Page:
Since in certain parts of the world the only fill material available may be carbonate sand, its properties must be considered. These properties often deviate significantly from those of the more commonly used quartz sand and will therefore behave differently than quartz sand during and after the reclamation process.
Origin and composition of carbonate sands
Carbonate soils are defined as soils in which carbonate minerals predominate. They are widely distributed in the warm and shallow seas and oceans of the world’s tropical and subtropical regions, covering almost 40% of the ocean floor. Carbonate deposits are usually formed by accumulation of skeletal remains of small marine organisms, known as bioclastic deposits, or they may have a non-organic origin, for instance, as a result of chemical precipitation from carbonate-rich water known as oolites.
Unique post-depositional processes of cementation, dissolution, re-crystallisation and other diagenetic changes have produced various types of carbonate deposits with varying mechanical properties that may deviate significantly from those of the commonly known quartz sands. It is therefore important to properly classify the nature of the carbonate deposits in the borrow area and in the reclamation area (when applicable) in an early stage of the design.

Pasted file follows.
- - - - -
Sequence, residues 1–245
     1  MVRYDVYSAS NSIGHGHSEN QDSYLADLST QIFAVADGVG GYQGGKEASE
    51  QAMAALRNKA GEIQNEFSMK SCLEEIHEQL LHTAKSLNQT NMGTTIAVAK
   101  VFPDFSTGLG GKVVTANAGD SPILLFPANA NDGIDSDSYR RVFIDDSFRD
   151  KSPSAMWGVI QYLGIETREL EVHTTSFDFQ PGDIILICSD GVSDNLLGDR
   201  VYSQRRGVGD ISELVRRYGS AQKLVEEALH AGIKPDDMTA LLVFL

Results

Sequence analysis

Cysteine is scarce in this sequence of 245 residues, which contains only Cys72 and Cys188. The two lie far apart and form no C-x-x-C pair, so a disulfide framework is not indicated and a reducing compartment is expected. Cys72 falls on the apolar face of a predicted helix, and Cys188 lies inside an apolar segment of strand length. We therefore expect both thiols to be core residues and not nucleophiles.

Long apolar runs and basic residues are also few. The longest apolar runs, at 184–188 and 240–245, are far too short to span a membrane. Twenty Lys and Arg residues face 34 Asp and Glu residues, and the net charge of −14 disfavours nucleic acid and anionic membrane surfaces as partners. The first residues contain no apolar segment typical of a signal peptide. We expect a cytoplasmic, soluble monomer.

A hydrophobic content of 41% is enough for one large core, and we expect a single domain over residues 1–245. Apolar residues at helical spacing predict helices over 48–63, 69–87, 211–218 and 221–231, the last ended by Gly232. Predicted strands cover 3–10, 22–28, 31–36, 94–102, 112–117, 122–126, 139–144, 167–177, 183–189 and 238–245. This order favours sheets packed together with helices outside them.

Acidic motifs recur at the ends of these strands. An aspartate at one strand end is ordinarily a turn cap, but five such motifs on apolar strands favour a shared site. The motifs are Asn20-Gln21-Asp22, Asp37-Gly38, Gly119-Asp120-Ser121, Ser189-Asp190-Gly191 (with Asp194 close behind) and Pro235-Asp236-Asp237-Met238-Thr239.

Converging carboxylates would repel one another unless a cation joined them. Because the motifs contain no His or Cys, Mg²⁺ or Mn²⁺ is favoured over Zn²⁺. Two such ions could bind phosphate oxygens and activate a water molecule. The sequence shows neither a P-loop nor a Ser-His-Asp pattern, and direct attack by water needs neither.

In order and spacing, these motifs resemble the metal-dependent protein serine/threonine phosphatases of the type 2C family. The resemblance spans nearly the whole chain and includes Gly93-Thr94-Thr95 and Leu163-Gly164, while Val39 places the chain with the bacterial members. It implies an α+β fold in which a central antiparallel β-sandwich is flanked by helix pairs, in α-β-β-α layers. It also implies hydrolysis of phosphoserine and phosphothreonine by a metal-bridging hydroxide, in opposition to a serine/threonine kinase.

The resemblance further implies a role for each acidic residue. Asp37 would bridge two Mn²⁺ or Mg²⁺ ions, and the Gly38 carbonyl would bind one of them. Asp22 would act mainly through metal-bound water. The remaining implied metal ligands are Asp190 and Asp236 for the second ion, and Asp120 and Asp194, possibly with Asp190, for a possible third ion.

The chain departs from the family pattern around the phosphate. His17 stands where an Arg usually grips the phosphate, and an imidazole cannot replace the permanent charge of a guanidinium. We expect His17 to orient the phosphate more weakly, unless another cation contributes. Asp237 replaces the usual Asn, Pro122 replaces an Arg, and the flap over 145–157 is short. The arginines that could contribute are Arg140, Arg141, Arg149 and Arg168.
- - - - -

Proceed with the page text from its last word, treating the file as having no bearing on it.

The adjective “carbonate” is generally being used as a generic description of all sediments containing calcium or magnesium carbonate as follows:
- a sand classifies as a ‘carbonate’ sand when its carbonate content is in excess of 90%;
- a ‘siliceous carbonate’ sand has a carbonate content of 50 to 90%; and
- the adjective ‘calcareous’ is used for deposits with a carbonate content of 10-50%.
In practice, however, a less strict nomenclature is often used and both calcareous sand and carbonate sand are encountered in soil classification as a general description.
Deviating behaviour of carbonate sand
and laboratory testing, design and subsequent technical specifications of a reclamation area filled with carbonate sand have to take the deviating behaviour of carbonate sand into account.
The typical performance of a carbonate sand fill is mostly a result of the crushability and angularity of the carbonate grains, the high initial void ratio of the carbonate fill mass after deposition, and the cementation between the particles. Issues may include:
- lower cone resistance and N-value (standard penetration test -SPT) than encountered in quartz sands at comparable stress levels and (relative) densities;
- degradation of the grain size distribution (increase fines content) during dredging, transport and deposition;
- results of laboratory tests that may fall outside the common range of test results of quartz sands;
- higher compressibility than quartz sands (at high stress levels);
- higher peak friction angle than quartz sands;
- higher resistance against cyclic loading than quartz sands at comparable stress levels and (relative) densities;
- possible lower productions of the dredger in the borrow area as a result of in-situ cementation; and
- increasing strength and stiffness of fill mass over time after deposition of the fill.